Introduction: Street Sign Apocalypse Armor
Making armor from street sign. Pretty cool, right? Looks flashy and could protect you from all manner of swords and knives and such? Not a bad deal.
This is a project that is by nature highly personalized, but I'll guide you through the steps.
Alone, this took me approximately 4 hours plus a good 1 1/2 hours of planning. Planning should take less time with this to help, and a helping hand could cut the build time in half.
Because the street signs are free, this is a really cheap project. It should be less than $25 in any situation.
1.) The signs. These are the base of the armor, but also cannot be consistently acquired. I found mine discarded behind an old construction zone. One had obviously been run over, so I assume they left them behind as trash. I have found others this way before, so I suggest a doing little bit of scavenging to get yours. Do not steal the signs.
2.) A sturdy jacket. I found mine at a Goodwill for $4. I've included a picture so you get an idea what I was looking for, but don't get hung up on specifics. It needs to be sturdy and tight fitting, but that's all. Keep an open mind to what you can find if you want to build this on a budget.
3.) Rivets and corresponding washers. Approximately $12. I used 3/8 inch diameter, 1/2 inch long pop rivets. You could go shorter, depending on the thickness of the jacket you find.
4.) A little bit of Nylon Strapping. Could be scrap, but if you buy some, $5 would get you way more than you need.
1.) To cut sheet metal. I recommend an angle grinder or jigsaw. I used a table shear, which is much more efficient, but also limits the cuts you can make.
2.) Hand riveter.
3.) Something to bend sheet metal. I used a metal brake, but a vice and hammer do just fine.
Step 1: Designing Your Armor
No two people are the same, and nobody will find the same set of signs. This means that you need to design your own armor based on what you have.
Everybody's chest will have different features. I recommend cutting and testing many different shapes from cardboard to find what fits you best. I would start from your upper chest and work your way down, because your pectorals need to have the greatest range of motion.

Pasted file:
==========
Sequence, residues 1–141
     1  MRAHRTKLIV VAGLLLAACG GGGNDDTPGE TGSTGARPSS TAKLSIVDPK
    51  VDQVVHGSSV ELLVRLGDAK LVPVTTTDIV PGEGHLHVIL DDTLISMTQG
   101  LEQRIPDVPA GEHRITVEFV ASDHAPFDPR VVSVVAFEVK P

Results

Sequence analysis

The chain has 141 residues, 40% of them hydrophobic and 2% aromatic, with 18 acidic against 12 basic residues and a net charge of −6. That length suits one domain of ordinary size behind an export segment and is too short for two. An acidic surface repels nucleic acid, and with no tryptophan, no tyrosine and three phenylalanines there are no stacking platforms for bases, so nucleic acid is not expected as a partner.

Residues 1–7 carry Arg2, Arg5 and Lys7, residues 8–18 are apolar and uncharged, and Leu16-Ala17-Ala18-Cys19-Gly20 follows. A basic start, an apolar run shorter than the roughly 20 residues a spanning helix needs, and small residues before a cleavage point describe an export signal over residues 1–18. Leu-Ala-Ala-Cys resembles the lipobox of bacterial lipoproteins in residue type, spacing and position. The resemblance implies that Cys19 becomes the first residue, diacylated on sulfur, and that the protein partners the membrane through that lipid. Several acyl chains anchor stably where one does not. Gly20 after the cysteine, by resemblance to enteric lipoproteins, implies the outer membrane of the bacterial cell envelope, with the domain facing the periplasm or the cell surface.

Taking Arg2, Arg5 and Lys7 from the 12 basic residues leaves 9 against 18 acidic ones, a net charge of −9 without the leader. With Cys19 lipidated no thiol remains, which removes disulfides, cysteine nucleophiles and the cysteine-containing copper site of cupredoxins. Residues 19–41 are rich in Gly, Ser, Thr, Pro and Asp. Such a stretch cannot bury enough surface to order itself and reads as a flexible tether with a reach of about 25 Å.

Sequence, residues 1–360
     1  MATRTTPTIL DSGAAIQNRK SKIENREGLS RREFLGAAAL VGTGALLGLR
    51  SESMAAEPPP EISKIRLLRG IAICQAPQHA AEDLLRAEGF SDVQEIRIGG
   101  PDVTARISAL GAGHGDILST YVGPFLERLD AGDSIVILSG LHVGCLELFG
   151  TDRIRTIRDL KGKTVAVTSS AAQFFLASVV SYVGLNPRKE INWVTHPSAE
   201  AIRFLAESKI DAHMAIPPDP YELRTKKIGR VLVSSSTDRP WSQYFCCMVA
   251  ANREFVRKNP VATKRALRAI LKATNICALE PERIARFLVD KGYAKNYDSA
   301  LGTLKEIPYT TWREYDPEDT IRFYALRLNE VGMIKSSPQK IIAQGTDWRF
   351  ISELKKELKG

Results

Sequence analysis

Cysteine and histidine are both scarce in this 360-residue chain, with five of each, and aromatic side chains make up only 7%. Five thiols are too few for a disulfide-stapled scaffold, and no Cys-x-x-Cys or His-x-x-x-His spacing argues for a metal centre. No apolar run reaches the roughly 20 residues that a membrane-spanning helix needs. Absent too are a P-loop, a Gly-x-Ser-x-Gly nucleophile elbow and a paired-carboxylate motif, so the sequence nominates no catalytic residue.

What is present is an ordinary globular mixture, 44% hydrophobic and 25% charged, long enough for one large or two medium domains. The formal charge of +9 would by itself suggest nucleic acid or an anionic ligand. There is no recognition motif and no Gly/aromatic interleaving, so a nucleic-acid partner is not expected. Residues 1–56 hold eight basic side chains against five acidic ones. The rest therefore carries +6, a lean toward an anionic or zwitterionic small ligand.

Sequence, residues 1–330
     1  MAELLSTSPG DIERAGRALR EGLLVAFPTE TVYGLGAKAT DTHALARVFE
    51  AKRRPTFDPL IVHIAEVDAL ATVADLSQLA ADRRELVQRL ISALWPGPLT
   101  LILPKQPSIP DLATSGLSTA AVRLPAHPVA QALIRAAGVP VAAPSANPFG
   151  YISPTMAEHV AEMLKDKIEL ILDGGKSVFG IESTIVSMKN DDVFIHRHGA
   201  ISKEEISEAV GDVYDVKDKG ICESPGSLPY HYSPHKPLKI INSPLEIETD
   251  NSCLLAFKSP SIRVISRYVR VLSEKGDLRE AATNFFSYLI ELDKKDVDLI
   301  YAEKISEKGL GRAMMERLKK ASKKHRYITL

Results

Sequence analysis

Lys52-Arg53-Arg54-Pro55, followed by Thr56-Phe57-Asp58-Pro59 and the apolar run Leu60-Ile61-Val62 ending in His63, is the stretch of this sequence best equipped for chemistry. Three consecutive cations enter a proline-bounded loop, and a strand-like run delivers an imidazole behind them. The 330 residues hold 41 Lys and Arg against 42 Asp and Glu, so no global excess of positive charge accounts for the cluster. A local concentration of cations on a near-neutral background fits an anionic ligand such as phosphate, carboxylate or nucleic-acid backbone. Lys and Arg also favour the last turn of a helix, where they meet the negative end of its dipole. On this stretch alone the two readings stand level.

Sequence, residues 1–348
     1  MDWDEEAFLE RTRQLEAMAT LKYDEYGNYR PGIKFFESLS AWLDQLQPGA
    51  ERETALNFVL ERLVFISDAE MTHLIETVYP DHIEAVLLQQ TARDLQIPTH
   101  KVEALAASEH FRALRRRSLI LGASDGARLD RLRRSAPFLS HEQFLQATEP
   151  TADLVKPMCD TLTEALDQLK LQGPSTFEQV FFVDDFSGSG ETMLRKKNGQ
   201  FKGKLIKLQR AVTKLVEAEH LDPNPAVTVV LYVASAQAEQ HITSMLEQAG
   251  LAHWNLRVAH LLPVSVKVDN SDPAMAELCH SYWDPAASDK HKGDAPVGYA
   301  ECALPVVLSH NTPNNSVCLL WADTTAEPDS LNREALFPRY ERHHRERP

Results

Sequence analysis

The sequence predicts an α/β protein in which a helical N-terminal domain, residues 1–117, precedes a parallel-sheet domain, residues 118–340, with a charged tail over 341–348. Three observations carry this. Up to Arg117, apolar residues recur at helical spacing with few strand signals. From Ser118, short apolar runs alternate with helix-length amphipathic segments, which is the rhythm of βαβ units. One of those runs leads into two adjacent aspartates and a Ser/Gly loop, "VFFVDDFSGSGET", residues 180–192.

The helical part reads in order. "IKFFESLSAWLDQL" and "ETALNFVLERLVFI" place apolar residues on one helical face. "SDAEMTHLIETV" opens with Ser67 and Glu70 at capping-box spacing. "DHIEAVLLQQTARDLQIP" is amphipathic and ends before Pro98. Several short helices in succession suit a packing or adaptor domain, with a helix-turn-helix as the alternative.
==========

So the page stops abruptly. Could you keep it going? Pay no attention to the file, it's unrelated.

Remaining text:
I like the basic design shown above. Having two pieces to cover your pecs gives your arms plenty of freedom, and the strip between them protects your sternum. Below your arms, one sheet across will be enough. I also used three vertical segments on the front and back, but two is realistically enough.
Remember to cut each piece larger than you measured it by a couple of inches so that it overlaps with other segments.
Step 2: Organize Your Cuts
Once you have a decent design worked out, mark it onto your signs.
Keep in mind that when a cut has a sharp turn, your cutting tool may need extra space to make a turn.
Step 3: Making the Cuts
I used a bench shear to make my cuts. This worked very quickly and efficiently, but it isn't a common tool. My recommendation is a bench grinder, but whatever you have will probably do just fine.
You'll notice I made a slight change to the design of the lobster plates as I was working. If something comes up and you need to modify your design as you go, that's alright. There's a lot of tolerance in the final product.
Step 4: Bending the Metal
For this, I had a metal brake, which you can see in the pictures above. All you really need is a vice and a hammer.
Hopefully you have an idea of where you want bends from when you were working with the cardboard. If not, just hold each piece up to its proper place on your chest and decide if it feels like it pulls away at any points. You want it to fit fairly snug against you, but never to dig into you. The padding of the jacket will help fill in the spaces, so it doesn't need to be perfect.
Step 5: Putting It Together (Starting With the Back)
This is where the fun begins.
Seriously, this is where it gets hard. Have a friend help you, as the jacket becomes more and more difficult to work with as more metal sheets are attached to it.
First, drill holes in the pieces where you want your rivets to go. Put these along the top edge of each sheet at the corners. Make sure that each different bent face along the upper edge has a hole for a rivet. In my case, I had three faces on each of the main lobster plates.